It would be great to think that employees are fascinated by every piece of information about your company, and that they can’t wait for leaders to share information about Big Picture topics like the 7-point strategy or a bold new initiative or EBITDA results.
But despite the fact that senior leaders approach communication as if employees are hanging on every word, the reality is quite different.
You can see so much of this hanging-on-every-word assumption in standard leader communication: sending email messages to all employees, posting long blogs, talking for 40 minutes during town hall meetings, and holding forth at web meetings, conference calls and other information-sharing venues.
Meanwhile, a percentage of employees may be facing the stage and opening the message, so they seem to be on board, but the reality is that their minds are elsewhere. They’re worried about losing their jobs, or meeting their goals, or their boss’s increasing anxiety, or their customers’ increasing elusiveness, or a million things other than what the CEO is saying.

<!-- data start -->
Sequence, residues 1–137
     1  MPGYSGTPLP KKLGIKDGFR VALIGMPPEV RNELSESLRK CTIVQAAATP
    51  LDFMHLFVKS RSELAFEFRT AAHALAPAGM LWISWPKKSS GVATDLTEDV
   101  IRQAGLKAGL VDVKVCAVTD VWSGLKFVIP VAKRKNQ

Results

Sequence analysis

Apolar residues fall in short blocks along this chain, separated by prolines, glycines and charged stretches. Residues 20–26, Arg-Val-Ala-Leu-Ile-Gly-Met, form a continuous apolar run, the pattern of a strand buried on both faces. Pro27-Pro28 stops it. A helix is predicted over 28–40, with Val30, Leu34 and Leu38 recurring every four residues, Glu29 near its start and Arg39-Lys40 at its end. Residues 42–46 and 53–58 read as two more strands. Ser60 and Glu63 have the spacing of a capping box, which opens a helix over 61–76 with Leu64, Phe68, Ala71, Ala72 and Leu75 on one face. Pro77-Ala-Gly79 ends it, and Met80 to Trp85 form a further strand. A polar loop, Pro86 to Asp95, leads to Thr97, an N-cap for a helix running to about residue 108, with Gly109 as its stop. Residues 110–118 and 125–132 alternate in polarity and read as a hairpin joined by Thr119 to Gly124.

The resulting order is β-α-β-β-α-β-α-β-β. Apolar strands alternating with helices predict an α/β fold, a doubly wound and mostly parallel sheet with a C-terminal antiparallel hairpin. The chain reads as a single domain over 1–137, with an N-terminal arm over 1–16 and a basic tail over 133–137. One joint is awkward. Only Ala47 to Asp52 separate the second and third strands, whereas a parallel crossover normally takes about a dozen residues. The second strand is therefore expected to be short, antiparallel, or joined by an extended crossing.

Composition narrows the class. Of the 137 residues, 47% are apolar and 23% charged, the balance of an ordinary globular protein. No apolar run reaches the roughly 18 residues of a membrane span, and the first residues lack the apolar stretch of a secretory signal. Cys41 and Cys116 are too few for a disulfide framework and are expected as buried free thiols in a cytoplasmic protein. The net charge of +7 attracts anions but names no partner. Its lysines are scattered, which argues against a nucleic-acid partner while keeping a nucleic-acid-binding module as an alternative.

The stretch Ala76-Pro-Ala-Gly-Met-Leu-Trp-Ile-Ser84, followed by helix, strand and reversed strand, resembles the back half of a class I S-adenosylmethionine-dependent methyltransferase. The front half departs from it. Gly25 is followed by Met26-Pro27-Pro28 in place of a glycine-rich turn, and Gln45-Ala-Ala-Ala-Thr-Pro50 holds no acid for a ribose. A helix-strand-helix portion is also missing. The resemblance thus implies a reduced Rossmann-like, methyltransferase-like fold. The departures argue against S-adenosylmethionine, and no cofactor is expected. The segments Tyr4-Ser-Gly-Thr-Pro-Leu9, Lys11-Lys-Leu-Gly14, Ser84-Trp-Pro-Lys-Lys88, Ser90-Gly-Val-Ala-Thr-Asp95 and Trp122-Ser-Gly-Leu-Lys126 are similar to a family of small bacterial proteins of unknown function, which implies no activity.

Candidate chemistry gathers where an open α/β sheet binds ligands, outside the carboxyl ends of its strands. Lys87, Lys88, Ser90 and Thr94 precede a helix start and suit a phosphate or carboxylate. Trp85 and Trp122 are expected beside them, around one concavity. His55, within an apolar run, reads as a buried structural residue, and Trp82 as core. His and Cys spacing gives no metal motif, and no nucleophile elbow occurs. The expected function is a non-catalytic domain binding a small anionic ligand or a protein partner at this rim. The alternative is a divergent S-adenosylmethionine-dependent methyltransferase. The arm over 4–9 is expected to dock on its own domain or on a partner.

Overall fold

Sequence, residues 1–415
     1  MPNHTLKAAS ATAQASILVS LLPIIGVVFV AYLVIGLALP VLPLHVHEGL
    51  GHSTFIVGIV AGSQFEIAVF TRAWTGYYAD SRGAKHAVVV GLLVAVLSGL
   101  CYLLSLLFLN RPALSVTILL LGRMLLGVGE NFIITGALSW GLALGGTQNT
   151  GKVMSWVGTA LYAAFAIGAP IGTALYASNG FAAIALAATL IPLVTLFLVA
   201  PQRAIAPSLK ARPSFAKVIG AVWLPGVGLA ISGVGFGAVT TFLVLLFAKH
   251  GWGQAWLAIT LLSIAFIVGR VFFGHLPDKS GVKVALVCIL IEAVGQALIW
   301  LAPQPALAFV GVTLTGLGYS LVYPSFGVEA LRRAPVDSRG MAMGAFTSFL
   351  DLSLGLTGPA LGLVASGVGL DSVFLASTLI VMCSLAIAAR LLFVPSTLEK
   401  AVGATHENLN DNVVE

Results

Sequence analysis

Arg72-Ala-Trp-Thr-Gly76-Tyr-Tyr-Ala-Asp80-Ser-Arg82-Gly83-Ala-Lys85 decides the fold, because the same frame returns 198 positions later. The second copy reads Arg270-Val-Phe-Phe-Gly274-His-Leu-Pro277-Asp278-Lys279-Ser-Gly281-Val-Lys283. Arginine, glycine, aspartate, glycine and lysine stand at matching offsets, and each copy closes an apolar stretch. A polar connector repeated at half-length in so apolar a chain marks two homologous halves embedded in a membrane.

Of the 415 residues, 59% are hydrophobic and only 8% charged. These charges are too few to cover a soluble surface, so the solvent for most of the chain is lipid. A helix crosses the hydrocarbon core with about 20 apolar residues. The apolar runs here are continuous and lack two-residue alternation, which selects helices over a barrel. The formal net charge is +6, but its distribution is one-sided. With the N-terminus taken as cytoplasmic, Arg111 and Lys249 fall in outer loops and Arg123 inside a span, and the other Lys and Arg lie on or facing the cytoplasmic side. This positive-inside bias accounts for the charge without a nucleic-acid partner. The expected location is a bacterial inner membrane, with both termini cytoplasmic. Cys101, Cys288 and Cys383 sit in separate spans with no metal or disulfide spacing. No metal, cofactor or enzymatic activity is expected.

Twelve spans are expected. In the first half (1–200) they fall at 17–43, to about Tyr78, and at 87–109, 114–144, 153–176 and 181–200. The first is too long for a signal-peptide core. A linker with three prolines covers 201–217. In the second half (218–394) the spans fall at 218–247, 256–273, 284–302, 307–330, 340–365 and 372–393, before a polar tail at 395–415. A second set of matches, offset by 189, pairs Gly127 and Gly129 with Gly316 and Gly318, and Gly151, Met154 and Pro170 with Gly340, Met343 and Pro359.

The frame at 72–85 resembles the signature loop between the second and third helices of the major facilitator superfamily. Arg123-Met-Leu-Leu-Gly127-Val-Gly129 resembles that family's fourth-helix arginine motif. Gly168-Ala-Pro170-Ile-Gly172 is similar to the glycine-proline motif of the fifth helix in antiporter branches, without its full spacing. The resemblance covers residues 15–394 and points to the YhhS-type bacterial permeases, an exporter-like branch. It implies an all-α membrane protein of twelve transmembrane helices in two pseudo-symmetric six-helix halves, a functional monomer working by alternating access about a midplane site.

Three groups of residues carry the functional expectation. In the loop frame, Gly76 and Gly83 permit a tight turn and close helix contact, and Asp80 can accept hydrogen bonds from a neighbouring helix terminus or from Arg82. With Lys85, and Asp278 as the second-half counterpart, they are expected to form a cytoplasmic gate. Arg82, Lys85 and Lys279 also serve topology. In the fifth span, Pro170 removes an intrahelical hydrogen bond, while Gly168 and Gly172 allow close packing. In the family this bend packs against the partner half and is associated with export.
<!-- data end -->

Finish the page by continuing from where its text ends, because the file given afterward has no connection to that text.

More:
How do you know if you have this problem—if all that communication is falling upon deaf ears? Two ways:
- Use measurement—surveys and focus groups—to determine what’s actually happening with employees. (Don’t assume that just because communication was sent or occurred that it actually worked.)
- Once you know for sure that you’ve got a problem, change the way leaders communicate (which, by the way, is long overdue in any case). The leader’s communication role is not to deliver information—it’s to provide the focus and context so employees know what to do to help the company succeed (or survive). That’s very different than a 44-slide PowerPoint deck.
Even though employees do care about the company, the “they’re just not that into you” problem occurs in almost every organization.
That’s why it’s time to focus much, much more on WIIFM—“what’s in it for you”—than “what we want to share.”